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Alain Bellemare, president and Chief Executive Officer Bombardier Inc., speaks to the media at a news conference Thursday, October 29, 2015 in Montreal. (Ryan Remiorz/THE CANADIAN PRESS)
Alain Bellemare, president and Chief Executive Officer Bombardier Inc., speaks to the media at a news conference Thursday, October 29, 2015 in Montreal. (Ryan Remiorz/THE CANADIAN PRESS)

Bombardier on ‘brink of bankruptcy’ in 2015, CEO reveals Add to ...

Bombardier Inc. was flirting with bankruptcy protection last year as it struggled with a cash crunch and high cost structure, chief executive officer Alain Bellemare has revealed.

In the strongest language used so far to describe the plane and train maker’s financial difficulties in 2015, Mr. Bellemare told Gérald Fillion, a business reporter with the French service of CBC TV, “It’s important to realize that Bombardier was on the brink of bankruptcy in 2015 and it’s important for us to reduce our cost structure to ensure the long-term success of the business.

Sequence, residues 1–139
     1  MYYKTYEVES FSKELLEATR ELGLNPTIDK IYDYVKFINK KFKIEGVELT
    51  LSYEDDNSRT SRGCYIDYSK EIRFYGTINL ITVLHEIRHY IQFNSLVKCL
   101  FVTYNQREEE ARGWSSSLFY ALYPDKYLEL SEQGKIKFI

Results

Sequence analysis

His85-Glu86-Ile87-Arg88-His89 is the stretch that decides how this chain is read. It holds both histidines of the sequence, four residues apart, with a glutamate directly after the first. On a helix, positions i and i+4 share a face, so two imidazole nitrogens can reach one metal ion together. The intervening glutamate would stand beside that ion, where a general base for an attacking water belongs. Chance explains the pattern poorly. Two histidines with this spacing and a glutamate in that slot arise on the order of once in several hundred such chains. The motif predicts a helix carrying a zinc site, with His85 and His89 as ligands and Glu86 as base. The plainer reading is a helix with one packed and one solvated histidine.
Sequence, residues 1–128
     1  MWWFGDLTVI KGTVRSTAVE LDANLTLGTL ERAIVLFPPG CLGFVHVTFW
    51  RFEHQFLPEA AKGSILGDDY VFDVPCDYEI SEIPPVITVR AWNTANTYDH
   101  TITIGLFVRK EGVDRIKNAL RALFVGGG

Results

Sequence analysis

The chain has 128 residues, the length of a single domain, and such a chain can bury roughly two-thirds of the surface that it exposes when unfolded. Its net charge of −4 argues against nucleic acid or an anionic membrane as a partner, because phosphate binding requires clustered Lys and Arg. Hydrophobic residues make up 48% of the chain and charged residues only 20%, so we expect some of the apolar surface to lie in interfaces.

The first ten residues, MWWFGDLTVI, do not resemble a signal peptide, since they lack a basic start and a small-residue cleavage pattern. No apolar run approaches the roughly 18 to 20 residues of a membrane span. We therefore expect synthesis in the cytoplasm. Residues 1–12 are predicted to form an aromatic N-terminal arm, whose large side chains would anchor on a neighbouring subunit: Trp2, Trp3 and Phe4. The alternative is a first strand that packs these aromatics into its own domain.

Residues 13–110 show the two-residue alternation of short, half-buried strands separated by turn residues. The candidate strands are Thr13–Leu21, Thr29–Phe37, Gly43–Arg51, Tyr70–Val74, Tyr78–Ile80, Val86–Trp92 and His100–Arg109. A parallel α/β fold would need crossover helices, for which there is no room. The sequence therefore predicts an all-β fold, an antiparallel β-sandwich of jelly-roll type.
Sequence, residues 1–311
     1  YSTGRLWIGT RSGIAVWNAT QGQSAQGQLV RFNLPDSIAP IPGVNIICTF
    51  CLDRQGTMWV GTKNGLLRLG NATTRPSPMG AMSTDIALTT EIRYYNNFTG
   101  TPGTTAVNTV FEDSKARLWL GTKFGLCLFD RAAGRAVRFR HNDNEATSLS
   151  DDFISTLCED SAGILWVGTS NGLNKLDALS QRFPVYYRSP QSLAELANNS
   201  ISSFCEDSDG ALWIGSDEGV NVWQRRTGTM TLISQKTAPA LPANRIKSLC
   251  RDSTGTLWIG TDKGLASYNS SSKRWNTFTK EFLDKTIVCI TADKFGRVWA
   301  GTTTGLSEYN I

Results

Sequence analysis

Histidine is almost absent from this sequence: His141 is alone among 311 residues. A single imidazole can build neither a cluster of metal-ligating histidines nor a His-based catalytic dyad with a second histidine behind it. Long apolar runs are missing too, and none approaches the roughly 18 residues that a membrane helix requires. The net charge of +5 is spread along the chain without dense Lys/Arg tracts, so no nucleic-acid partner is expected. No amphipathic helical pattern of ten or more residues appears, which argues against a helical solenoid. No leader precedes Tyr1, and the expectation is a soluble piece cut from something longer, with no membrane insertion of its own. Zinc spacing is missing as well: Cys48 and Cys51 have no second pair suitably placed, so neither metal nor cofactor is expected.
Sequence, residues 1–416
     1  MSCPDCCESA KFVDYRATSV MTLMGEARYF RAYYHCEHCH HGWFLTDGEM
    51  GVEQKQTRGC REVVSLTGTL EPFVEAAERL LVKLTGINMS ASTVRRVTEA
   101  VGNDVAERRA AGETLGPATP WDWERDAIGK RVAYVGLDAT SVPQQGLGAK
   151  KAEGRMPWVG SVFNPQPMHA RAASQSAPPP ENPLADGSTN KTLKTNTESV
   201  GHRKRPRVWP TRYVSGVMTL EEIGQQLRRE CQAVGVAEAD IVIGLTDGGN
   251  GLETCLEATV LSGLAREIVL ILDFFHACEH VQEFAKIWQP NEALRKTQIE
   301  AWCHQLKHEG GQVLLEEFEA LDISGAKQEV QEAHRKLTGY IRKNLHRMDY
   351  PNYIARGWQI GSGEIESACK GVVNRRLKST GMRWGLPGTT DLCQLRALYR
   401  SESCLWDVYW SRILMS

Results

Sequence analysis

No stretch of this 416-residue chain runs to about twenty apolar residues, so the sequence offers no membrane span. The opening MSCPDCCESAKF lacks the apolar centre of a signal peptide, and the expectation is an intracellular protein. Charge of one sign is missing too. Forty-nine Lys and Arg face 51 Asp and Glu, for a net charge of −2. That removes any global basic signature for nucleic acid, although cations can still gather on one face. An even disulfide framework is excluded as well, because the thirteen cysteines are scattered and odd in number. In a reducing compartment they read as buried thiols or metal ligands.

“This isn’t new. In 2015, Bombardier was in a very precarious situation. We needed liquidity.”

A $1-billion (U.S.) investment from the Quebec government, the $1.5-billion sale of a 30-per-cent stake in the rail division to the Caisse de dépôt et placement du Québec, and other funding secured by the company helped to shore up the manufacturer’s cash position, Mr. Bellemare said.

The comments were made after Montreal-based Bombardier reported a loss of $94-million or 4 cents a share on Thursday, a significant improvement from the $4.9-billion, $2.20-a-share loss a year ago when it booked a charge on the C Series new jet and Learjet 85 programs. Revenue fell 9 per cent to $3.74-billion.

Under Mr. Bellemare, Bombardier has been slashing jobs and trying to boost productivity in a multiyear effort to rebuild profit and regain a firm financial footing. The company ran into major delays and budget overruns with its C Series program as well as stretching resources on other new-plane programs and experiencing execution problems on some train projects.

Last month, the company announced it would cut another 7,500 jobs, about 10 per cent of the global work force of about 70,900. The number of aircraft development programs has also been reduced.

Bombardier is still awaiting an anticipated investment from the federal government as a result of its request for $1-billion to match Quebec’s investment.

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